When is anxiety considered maladaptive? What developmental skills has the anxious person failed to accomplish? What kind of family did she live in?
Physiological anxiety and pathological anxiety
Anxiety, contrary to popular belief, may also have an adaptive function . In fact, it represents an attack-flight reaction , which causes the organism to act and therefore to defend itself in conditions of danger (real or perceived).
However, it is also true that when the physiological state of anxiety lasts too long, psychological, physical and behavioral disorders of various kinds can occur. In this second case, we will rather speak of pathological anxiety with a maladaptive (rather than adaptive) function because it becomes difficult to manage, being excessive.
Among the different pathological anxieties, we can distinguish:
- performance anxiety;
- judgment anxiety, such as social anxiety;
- specific anxiety, such as phobias
What unites the three types is loss of control .
As for cognitive factors, it is possible to trace the presence of specific patterns : ideas and thought patterns that lead the person to overestimate the danger and patterns of anxiety anticipation. Often the ability to identify what triggered the anxiety is then lost, manifesting it indiscriminately without understanding the causes. Other times, anxiety refers to a specific real object or well-defined situation (as in the case of phobias).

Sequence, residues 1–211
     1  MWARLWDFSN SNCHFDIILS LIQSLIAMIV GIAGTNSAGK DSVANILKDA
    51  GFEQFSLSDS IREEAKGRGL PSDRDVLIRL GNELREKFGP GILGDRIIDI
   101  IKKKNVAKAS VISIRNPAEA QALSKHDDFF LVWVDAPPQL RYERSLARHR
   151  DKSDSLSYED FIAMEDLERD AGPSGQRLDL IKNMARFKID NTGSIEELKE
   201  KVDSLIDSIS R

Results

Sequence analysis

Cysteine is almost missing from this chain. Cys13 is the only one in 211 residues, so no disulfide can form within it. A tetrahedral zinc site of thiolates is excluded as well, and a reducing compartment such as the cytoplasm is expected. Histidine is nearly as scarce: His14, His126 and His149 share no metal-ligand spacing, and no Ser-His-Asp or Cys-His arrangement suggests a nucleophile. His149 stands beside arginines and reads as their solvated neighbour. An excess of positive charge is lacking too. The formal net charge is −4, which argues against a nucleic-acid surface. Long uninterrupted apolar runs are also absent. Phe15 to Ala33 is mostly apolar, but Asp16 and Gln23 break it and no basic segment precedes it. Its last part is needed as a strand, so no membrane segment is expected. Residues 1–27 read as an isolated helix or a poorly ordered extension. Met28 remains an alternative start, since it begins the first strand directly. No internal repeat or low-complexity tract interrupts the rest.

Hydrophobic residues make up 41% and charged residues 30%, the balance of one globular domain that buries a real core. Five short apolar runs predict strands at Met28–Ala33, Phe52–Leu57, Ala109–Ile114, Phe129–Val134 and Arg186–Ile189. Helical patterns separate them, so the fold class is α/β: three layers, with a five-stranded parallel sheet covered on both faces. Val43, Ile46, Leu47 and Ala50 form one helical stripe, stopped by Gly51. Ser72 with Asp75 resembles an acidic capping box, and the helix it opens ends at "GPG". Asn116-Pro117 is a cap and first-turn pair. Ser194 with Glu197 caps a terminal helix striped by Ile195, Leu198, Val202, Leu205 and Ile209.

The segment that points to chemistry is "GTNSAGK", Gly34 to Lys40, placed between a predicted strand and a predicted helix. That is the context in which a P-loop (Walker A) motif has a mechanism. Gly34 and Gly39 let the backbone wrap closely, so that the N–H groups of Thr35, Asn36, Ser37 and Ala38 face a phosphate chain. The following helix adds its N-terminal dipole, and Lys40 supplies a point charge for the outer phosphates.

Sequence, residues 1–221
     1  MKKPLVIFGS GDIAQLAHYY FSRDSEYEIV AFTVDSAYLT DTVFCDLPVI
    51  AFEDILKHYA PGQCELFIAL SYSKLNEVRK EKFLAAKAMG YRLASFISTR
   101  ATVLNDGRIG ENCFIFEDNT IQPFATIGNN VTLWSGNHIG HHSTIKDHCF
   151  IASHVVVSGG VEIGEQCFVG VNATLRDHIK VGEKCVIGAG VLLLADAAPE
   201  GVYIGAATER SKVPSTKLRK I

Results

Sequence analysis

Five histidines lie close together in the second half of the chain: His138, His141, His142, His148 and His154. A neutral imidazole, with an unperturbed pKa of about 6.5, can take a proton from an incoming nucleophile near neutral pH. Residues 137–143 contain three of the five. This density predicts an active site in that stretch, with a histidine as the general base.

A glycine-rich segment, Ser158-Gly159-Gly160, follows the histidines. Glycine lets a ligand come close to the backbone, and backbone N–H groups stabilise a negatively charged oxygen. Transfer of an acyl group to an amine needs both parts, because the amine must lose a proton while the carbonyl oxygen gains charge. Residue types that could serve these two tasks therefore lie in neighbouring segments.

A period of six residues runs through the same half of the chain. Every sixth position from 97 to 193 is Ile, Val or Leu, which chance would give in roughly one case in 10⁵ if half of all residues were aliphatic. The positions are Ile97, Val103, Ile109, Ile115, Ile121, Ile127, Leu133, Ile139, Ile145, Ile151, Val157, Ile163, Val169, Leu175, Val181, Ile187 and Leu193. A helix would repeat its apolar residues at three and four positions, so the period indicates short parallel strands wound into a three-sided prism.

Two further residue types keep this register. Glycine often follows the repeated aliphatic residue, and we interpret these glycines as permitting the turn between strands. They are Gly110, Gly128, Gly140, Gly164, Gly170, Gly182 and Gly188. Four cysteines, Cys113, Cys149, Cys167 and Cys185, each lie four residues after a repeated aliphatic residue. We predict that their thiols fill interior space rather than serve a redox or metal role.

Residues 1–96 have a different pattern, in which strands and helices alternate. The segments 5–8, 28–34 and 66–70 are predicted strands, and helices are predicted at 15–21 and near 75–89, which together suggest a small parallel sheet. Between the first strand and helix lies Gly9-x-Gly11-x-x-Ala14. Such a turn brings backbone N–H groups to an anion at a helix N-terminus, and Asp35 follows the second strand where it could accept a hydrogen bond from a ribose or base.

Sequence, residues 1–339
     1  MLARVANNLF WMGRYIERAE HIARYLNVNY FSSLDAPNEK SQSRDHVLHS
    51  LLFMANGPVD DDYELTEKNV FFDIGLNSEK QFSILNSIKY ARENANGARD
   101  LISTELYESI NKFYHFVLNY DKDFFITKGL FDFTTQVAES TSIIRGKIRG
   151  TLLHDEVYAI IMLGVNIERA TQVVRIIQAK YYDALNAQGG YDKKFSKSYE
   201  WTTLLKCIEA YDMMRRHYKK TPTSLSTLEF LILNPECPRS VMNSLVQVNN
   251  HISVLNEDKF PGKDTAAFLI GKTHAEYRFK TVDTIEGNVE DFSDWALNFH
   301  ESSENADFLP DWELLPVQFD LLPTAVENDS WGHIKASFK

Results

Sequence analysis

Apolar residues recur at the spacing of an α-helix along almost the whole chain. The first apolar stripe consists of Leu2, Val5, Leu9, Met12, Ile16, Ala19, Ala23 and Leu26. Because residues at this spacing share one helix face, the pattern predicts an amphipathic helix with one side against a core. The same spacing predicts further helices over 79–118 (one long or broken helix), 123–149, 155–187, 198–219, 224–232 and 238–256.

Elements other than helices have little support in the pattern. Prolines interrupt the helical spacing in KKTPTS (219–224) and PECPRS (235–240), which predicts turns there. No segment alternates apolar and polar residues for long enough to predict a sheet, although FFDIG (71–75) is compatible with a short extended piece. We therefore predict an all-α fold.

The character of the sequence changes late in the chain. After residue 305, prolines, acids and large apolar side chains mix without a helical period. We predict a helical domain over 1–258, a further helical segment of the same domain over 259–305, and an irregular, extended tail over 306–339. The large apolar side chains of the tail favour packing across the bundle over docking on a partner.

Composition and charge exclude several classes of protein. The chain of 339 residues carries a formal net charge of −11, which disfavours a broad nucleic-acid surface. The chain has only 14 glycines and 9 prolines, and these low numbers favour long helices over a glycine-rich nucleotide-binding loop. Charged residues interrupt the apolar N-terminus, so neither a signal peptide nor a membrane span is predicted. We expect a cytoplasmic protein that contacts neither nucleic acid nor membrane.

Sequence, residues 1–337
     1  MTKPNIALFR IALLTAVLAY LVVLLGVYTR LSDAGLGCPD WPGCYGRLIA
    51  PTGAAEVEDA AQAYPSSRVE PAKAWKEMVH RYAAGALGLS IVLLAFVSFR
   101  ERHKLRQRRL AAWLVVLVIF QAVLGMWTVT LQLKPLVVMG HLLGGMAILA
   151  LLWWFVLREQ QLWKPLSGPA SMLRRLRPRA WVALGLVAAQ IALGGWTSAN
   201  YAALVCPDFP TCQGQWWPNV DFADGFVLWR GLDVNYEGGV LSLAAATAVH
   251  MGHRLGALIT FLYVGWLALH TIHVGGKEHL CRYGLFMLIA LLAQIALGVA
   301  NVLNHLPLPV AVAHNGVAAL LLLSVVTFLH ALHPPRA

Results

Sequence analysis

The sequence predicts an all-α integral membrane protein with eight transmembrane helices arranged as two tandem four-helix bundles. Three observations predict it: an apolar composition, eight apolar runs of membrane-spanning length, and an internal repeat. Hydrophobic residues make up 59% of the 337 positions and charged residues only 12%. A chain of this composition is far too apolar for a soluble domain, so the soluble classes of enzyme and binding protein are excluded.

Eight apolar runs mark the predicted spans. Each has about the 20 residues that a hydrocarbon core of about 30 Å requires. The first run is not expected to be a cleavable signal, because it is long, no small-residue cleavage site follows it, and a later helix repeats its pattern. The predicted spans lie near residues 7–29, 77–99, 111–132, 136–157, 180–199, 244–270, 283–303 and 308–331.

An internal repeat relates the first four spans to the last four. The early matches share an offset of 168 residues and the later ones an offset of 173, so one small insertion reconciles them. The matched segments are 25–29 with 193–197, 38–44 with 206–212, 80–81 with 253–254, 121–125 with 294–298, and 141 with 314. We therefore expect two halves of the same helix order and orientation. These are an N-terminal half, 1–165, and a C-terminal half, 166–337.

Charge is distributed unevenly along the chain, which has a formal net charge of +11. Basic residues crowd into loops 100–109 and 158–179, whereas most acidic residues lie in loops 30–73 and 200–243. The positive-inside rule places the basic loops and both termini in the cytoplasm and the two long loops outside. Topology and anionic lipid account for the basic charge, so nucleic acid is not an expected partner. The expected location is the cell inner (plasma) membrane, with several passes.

Generalized anxiety disorder
In recent years, the so-called generalized anxiety disorder ( GAD) has increased a lot. This leads us to think that society has changed: life is precarious, you cannot make big plans because you are afraid of what may happen (for example, many wonder if in the future they will be able to receive good retirement, or the youngest are wondering if they will be able to have children). In GAD there is no specific cause, we could say that this disorder arises because now life is a bit like that, based on precariousness that does not allow us to plan for the future. There are often people stuck in the present or anchored in the past, who can no longer…